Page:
Access to Healthcare

Women in the lead: “Together we are stronger”

My message is that women need to encourage each other, share opportunities and form a strong community of women by empowering each other. If you are a woman in a leadership position, recruit other women and provide training opportunities for women. Because together we are stronger.

I started working with MSF as a midwife in my country, Sierra Leone, in 2003, later becoming midwife supervisor. Whenever international staff would come to my country, they would say: ‘Fatmata you are not supposed to be working as a midwife again in your country, you are supposed to work internationally with MSF.’

But I never knew how to go about it, and no one ever explained to me how to do it until I met one of MSF’s women’s health advisors, Claire. Claire asked me what I really wanted to be, so I told her that I want to be an international field worker like her. With her guidance I started working towards it, first by learning how to write [formal documents such as] a morbidity and mortality report and an incident report. Then I eventually applied and was selected for a position.

Fatmata Sumaila in the maternity department in Lankien, South Sudan, where she works as midwife activity manager. [©Melissa Perry/MSF]

My work as an international midwife activity manager involves assisting in complicated cases, both in maternity care and sexual and gender-based violence [SGBV] care. I also provide training to staff on complicated deliveries, and I’m responsible for the overall planning, monitoring and evaluation of sexual and reproductive health activities.

As a leader I have to set an example for my team by doing the hands-on work, as well as providing on-the-job training for many junior staff in all aspects of sexual and reproductive health and SGBV activities. I have inspired my staff by telling them the story of how I became a midwife, and in doing so they were motivated, and now some are even in school studying midwifery and state-registered nursing. I explain that to achieve your dreams in life or work you need to concentrate and work hard.

In her leadership role as midwife activity manager, Fatmata Sumaila tries to empower other women. [© Melissa Perry/MSF]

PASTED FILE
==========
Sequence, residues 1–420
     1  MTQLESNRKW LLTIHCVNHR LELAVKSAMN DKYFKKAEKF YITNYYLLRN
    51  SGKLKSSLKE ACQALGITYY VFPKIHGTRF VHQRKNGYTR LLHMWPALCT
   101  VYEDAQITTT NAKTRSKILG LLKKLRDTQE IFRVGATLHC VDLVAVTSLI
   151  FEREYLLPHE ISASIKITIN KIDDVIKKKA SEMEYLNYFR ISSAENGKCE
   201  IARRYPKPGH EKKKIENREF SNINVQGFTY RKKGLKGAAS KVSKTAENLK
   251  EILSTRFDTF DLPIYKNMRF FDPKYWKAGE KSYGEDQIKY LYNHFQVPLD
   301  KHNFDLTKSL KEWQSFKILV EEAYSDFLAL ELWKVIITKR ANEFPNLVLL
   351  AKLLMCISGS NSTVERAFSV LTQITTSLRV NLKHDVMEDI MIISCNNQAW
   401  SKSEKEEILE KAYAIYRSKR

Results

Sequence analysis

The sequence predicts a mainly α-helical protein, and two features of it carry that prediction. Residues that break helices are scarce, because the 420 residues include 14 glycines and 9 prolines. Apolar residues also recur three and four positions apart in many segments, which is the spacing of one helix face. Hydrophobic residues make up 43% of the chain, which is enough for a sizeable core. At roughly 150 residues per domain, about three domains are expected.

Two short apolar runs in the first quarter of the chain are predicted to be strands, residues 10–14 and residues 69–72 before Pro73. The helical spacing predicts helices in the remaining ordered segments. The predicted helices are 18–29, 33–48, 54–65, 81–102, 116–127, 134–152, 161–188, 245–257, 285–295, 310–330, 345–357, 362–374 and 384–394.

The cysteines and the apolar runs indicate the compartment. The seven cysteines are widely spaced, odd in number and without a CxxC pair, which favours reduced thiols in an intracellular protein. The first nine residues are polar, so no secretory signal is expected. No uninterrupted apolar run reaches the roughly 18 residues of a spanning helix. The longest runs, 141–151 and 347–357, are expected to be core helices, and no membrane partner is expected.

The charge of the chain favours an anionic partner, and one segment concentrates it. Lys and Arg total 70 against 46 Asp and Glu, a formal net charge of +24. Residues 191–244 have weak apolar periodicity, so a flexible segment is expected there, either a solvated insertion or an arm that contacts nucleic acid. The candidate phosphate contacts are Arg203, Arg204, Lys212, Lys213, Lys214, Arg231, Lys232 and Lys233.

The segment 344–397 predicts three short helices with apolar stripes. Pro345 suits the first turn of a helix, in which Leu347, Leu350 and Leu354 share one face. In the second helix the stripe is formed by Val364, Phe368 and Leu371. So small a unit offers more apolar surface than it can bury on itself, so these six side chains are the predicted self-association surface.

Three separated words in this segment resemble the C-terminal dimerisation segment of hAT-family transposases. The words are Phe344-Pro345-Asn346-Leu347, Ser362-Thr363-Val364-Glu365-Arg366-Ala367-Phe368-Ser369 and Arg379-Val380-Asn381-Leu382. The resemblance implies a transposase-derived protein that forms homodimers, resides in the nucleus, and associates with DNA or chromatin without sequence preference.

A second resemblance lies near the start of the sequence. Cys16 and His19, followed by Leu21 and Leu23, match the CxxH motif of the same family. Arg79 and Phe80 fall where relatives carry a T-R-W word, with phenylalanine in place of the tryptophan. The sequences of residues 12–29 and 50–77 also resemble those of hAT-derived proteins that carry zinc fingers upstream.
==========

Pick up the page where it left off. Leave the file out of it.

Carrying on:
I’ve aimed to be a changemaker in my place of work by setting up better systems and processes. I’ve also made my staff realise the importance of time management, and introduced more efficient handovers to ensure quality care for our patients.

I have faced challenges as a woman, such as men ignoring my opinions, as well as misunderstandings with other women. I’ve overcome these challenges by being a good communicator, and talking about the importance of equal rights for both sexes, and respect for all people and their ideas.

Fatmata Sumaila has worked with MSF since 2003, and is now in an international midwife activity manager role in South Sudan. [©Melissa Perry/MSF]

After working in Sierra Leone, Bangladesh and now South Sudan, I’ve seen that many women are vulnerable and have no voice to speak out. This has motivated me to work for them and help them speak out loud about their problems, by giving them training about women’s rights.

International Women’s Day is a particular day to acknowledge and honour women around the world for the contributions they make each day to society. It is a day to call to action accelerating gender parity, celebrating women’s achievements and raising awareness about women’s equality.

Just like Claire did for me, I now work to encourage other women by building their hopes, and standing up for other women.

The Jonglei healthcare project was established in 1993 to respond to outbreaks of kala azar. The project has grown to be located across two counties, and includes the only secondary referral centre for Nyirol and Uror counties. It also includes an outpatient department in Lankien, Nyirol, a primary healthcare clinic in Pieri, Uror, and five community-based healthcare centres to serve populations who live far from the main healthcare structures.